I know that Romney has to turn major right to win the Republican primary, but if he stayed with his moderate Massachusetts profile he would be far better off. I will not vote for him, given his new right leanings.

  • aed

    armstp is absolutely right about Romney’s business experience and as one who has been governed by him I can assure you he is a loose suit. I think David must be enamored of him because he is still, in spite of his pandering to the far right, at heart a moderate and any moderate is better than no moderate. But beware: as Romney’s record shows, he can be co-opted by any group whatsoever, so who needs to vote for partisan (Republican) reasons for someone whose identity is always up for grabs? You might vote for him as a conservative and end up seeing him govern as something entirely different.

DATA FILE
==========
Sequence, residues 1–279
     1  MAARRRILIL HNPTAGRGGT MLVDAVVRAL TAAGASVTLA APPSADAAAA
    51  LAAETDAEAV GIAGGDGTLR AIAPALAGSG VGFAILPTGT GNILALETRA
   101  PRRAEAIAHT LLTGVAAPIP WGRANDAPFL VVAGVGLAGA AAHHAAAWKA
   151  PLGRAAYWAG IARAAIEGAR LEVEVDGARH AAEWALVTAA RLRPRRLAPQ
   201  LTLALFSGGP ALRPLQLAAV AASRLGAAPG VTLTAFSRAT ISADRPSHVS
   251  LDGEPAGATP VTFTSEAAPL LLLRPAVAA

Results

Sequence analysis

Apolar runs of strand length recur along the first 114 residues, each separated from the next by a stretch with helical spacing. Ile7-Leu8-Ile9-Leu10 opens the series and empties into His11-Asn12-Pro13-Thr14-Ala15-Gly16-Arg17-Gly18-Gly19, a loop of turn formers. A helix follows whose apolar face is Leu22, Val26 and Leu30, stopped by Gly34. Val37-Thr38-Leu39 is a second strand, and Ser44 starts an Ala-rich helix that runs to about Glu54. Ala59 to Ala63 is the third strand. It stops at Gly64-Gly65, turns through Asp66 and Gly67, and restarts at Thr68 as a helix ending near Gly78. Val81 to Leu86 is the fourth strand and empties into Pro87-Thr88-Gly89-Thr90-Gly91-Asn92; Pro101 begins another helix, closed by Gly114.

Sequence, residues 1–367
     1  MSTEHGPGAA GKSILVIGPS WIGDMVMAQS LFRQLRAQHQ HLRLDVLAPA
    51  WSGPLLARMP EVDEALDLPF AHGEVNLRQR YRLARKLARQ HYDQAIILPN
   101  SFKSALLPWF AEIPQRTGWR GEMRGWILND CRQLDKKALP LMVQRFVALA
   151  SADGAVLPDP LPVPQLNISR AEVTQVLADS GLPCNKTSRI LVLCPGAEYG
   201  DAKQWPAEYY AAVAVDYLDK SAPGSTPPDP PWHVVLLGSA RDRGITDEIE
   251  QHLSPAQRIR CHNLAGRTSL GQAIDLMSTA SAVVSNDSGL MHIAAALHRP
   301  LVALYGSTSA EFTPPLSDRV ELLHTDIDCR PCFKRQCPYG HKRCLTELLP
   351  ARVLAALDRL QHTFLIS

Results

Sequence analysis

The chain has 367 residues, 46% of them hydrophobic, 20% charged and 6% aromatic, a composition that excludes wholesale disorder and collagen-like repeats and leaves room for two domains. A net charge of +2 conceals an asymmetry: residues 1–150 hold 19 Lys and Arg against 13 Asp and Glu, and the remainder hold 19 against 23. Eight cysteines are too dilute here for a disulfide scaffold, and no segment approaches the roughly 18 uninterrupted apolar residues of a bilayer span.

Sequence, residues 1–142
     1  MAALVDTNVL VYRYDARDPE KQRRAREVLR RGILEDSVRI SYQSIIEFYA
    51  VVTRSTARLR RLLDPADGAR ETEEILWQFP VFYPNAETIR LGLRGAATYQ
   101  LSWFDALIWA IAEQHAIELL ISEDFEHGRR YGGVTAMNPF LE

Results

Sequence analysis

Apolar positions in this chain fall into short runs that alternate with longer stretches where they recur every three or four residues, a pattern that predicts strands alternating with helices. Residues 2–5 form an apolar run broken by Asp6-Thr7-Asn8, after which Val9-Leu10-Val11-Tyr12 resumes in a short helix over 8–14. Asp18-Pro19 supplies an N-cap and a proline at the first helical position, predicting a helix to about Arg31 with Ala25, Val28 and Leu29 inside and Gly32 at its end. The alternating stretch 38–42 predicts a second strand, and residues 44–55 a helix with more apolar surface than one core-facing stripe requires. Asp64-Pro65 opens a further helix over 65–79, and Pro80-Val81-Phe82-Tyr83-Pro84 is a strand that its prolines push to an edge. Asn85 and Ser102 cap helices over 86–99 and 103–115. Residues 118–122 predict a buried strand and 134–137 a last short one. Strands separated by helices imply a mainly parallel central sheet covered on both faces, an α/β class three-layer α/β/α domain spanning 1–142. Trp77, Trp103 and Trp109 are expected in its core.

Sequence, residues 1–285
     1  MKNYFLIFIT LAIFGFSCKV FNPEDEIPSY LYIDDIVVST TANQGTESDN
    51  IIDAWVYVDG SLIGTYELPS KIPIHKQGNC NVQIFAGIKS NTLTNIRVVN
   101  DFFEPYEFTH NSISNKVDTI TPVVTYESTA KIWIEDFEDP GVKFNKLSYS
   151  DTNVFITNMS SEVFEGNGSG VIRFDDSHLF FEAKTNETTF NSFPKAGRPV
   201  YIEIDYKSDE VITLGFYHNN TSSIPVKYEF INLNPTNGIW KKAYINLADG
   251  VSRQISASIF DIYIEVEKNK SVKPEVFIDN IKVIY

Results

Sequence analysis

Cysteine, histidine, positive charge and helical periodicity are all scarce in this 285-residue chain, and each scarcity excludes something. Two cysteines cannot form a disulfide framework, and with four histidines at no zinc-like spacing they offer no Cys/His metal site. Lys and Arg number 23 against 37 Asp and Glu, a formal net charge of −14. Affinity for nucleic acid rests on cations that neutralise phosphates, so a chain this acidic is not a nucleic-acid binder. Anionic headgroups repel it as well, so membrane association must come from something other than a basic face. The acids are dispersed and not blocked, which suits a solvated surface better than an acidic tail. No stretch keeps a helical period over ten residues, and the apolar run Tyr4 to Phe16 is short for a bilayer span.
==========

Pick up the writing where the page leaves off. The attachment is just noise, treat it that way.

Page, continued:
• Saladdin

    I can honestly see how Romney wins the nomination, but only if Huck and Palin split SC, effectively leaving the remainder of the party to choose the most capitalistic contender remaining. The biggest question remaining is, can Romney effectively move past more seasoned candidates like Mitch Daniels or T-Paw, both of whom are personality free.

  • Arms Merchant

    Romney is the quintessential RINO. Like Crist, Murky, and McCain, he will say or do whatever it takes to get elected. His position on any given issue is always, always in the context of whether he thinks it will garner an extra vote or two.

    These people have no political philosophy or principle of governing other than, “I am the best person to tell others what to do.”